Skip to main content

Different meanings of quality of life: a comparison between what elderly persons and geriatric staff believe is of importance

Buy Article:

$43.00 plus tax (Refund Policy)

The principle aim of this study was to obtain a more complete understanding of quality of life (QoL) through exploring different factors affecting that concept among elderly persons and staff members, combining mixed methods for validation of QoL categories and themes, and enlightening the meanings through some quotes. Elderly persons (n = 207) as well as members of geriatric staff (n = 48) answered the open-ended question ‘what does quality of life mean to you?’. The elderly persons also answered questions on health, loneliness and social contacts. Descriptive statistics, Spearman rank correlation coefficient, content analysis and triangulation were used to evaluate the data. The findings revealed differences in the answers regarding what was considered most important for QoL. Staff members overestimated two of the categories, namely health and social network, while the elderly persons themselves emphasised being appreciated and living a good life. Staff members believed that elderly persons want to be seen, listened to and feel useful. The only category where staff members and elderly persons differed was ‘how to be treated’, where the elderly group did not find it as important as the staff members. Furthermore, elderly persons did not wish to be a burden to their family or society. In conclusion, elderly persons’s own viewpoint is highly significant in care planning.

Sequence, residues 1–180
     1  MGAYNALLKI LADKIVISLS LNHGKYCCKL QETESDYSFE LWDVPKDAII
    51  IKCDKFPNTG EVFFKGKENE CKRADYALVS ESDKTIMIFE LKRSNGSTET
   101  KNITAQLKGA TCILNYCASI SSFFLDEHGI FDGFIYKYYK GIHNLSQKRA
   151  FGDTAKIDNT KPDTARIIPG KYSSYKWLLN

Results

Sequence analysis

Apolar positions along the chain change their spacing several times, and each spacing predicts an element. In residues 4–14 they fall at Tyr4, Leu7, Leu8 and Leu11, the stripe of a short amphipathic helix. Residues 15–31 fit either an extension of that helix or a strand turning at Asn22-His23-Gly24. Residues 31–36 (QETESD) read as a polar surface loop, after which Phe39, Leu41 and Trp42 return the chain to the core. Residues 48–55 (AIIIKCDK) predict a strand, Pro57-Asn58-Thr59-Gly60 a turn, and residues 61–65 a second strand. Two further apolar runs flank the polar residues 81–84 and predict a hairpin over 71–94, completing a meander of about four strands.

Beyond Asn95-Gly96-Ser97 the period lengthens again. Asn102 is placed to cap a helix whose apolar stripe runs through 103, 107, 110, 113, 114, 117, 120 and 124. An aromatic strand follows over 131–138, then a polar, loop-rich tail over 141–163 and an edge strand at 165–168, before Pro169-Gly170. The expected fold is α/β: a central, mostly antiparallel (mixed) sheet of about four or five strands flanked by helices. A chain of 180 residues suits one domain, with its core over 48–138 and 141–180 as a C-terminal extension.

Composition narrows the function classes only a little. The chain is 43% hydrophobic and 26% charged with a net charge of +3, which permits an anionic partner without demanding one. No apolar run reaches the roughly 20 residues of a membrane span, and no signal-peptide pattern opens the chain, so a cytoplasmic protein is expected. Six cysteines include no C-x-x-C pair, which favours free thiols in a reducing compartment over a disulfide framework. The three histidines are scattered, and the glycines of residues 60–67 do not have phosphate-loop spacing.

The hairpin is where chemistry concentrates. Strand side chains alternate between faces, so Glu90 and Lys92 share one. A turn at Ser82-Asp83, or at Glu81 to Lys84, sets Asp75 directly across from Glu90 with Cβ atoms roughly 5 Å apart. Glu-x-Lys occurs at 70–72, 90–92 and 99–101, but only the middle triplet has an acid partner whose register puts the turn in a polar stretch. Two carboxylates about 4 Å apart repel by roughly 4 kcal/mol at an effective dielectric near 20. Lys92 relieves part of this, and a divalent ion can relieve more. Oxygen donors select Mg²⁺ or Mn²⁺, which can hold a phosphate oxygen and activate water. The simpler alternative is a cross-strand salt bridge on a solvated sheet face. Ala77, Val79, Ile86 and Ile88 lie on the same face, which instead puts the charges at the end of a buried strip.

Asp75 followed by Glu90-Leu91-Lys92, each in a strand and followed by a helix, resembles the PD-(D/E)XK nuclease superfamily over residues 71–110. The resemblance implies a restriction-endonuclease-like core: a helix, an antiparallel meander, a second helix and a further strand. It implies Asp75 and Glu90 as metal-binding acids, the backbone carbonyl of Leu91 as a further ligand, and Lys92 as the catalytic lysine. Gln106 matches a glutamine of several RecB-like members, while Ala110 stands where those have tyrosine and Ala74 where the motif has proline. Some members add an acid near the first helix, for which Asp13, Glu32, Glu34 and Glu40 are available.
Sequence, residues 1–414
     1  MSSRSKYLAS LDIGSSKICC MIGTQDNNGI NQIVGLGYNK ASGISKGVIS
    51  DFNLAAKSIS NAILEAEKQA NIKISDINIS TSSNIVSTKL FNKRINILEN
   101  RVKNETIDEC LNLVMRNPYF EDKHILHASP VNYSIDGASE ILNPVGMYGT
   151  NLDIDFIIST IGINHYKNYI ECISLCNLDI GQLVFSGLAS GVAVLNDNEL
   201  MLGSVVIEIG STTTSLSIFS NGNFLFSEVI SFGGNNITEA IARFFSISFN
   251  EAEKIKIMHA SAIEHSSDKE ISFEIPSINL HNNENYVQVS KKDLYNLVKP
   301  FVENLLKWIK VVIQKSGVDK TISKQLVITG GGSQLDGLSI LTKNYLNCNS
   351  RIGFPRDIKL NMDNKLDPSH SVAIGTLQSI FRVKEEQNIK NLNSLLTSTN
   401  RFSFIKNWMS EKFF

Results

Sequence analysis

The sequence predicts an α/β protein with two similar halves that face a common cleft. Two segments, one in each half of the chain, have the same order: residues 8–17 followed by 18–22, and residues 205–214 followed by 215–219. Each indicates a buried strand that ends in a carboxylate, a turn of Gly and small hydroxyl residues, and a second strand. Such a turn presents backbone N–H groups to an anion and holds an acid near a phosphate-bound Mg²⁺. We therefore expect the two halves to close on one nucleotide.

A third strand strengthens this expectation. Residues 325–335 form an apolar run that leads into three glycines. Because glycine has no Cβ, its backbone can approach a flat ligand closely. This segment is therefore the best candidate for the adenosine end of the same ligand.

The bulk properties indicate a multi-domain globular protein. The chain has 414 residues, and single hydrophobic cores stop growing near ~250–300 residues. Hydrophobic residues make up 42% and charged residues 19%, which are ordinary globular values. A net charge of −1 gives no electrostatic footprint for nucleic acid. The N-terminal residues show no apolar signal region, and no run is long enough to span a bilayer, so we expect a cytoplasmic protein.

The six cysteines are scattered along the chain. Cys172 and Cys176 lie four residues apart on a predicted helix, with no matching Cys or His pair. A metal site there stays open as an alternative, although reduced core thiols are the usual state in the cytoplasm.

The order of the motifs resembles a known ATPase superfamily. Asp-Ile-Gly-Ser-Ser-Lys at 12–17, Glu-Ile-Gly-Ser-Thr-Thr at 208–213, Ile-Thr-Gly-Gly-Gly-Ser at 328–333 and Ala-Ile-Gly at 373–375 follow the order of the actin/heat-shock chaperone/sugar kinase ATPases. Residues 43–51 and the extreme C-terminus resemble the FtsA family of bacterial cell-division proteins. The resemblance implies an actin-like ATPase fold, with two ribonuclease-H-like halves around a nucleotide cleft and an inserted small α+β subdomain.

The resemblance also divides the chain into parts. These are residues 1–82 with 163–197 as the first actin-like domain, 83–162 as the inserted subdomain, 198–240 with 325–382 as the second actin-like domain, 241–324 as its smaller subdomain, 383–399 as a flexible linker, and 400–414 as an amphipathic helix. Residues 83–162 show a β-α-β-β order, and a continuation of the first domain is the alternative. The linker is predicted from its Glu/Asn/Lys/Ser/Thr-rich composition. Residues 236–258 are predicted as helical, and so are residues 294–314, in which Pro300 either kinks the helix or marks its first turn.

No References
No Citations
No Supplementary Data
No Article Media
No Metrics

Keywords: care planning; elderly persons; quality of life; staff

Document Type: Research Article

Affiliations: 1: Senior Lecturer, Division for Health and Caring Sciences, Karlstad University, Karlstad, and Department of Neurotec, Centre for Gerontology and Health Economics, Karolinska Institutet, Stockholm, Sweden 2: Associate Professor, Department of Neurotec, Division of Geriatric Medicine, Centre for Gerontology and Health Economics, Karolinska Institutet, Stockholm, Sweden

Publication date: 01 April 2003

  • Access Key
  • Free content
  • Partial Free content
  • New content
  • Open access content
  • Partial Open access content
  • Subscribed content
  • Partial Subscribed content
  • Free trial content
Cookie Policy
Cookie Policy
Ingenta Connect website makes use of cookies so as to keep track of data that you have filled in. I am Happy with this Find out more